Banksia rufa ssp obliquiloba   No English name Endemic

Banksia rufa ssp obliquiloba whole Banksia rufa ssp obliquiloba close

This Banksia is actually only found in this small area in the wheat belt of the south western Australia so not only is it, like many other species here, an endemic but a rare one at that. The flowers are quite large - over 6 cm in diameter and in the plant we were shown, grow near the base of the plant.

Recently it has been suggested by two scientists, Austin Mast and Kevin Thiele, that their taxonomic research indicates that all Dryandra species really belong to, and are descended from, the genus Banksia. So this one which was Dryandra ferruginea ssp obliqua is now named Banksia rufa (since the species name ferruginea is already used for a different Banksia).

So where would you look up the name of this plant? At present under Dryandra in most books since the change only took place in 2007 and is controversial (see Tony Cavanagh) to say the least but under Banksia in more up-to-date databases online such as Florabase. The opposite view is put the distinguished botanist A.S. George who says you don't have to change the names. If taxonomists have their way there will come a time when the literature and naming of these plants is gloriously confused. In the case of Dryandra ferruginea ssp obliqua to Banksia rufa ssp obliqua there isn't even a common name which would remain static as Bluebell has done in the UK when taxonomists kept changing its systematic name.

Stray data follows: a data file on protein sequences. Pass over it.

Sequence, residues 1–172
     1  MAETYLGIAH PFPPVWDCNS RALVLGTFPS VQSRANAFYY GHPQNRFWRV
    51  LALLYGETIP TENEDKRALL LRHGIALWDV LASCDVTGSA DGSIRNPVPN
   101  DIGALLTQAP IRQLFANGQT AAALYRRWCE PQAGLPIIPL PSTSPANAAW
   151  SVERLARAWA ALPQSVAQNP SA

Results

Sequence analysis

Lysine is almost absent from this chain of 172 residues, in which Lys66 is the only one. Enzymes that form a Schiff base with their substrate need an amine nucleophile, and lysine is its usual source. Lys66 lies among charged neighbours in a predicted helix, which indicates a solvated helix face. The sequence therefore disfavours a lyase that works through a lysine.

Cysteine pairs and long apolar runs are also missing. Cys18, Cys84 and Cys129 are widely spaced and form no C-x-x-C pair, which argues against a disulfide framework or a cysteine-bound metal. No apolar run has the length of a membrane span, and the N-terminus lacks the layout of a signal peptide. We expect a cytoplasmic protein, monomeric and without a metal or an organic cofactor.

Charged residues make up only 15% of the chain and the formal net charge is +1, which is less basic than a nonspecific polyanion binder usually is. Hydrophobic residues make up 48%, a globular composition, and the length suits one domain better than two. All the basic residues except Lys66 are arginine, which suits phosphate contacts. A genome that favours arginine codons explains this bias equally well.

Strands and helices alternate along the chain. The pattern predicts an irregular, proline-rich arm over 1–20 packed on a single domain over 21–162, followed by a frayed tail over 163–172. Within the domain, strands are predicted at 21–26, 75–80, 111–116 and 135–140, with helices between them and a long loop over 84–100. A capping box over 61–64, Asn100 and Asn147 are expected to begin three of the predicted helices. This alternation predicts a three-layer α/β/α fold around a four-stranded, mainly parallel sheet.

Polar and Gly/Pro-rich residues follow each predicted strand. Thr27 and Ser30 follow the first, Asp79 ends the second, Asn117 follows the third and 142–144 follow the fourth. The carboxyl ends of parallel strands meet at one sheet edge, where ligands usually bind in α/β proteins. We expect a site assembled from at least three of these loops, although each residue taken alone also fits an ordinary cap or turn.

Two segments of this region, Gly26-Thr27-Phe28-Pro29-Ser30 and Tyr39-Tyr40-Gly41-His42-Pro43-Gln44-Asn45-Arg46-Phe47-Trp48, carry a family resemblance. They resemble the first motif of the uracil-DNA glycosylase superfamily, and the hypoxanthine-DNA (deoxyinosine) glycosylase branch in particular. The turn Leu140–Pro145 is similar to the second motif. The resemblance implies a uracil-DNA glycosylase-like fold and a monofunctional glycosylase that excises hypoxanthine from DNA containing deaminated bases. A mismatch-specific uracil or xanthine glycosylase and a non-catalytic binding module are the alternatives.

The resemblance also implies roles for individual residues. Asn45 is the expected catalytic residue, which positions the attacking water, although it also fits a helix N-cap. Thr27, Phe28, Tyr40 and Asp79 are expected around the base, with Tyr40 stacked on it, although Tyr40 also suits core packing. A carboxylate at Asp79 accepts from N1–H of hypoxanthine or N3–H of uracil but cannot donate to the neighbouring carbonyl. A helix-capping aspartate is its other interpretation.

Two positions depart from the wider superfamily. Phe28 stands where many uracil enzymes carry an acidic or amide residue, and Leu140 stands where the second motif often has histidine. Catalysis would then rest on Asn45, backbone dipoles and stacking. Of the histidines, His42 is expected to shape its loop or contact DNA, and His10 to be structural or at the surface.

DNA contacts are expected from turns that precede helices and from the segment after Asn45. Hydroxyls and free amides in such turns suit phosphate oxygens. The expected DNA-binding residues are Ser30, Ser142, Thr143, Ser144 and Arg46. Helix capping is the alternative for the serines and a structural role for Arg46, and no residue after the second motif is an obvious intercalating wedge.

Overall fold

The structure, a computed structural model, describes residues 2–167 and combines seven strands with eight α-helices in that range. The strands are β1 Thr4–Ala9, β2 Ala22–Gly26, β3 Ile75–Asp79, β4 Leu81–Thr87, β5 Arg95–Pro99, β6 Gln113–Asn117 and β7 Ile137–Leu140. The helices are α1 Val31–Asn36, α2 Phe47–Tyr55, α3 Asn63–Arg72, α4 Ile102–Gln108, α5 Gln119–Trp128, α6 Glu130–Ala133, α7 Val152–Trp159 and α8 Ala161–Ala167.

Nice to know that Taxonomists are causing mayhem with the naming of plants down under just like they are here in the UK.

Banksia rufa ssp obliquiloba

Banksia rufa ssp obliquiloba No English name

Corrigin Lookout, Western Australia 15th September 2007

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Banksia rufa ssp obliquiloba

WF soc of Western Australia tour, Corrigin Lookout, Western Australia 15th September 2007

Added on 4th November 2007, updated 14th December 2008, updated 3rd March 2010, updated 7th February 2014

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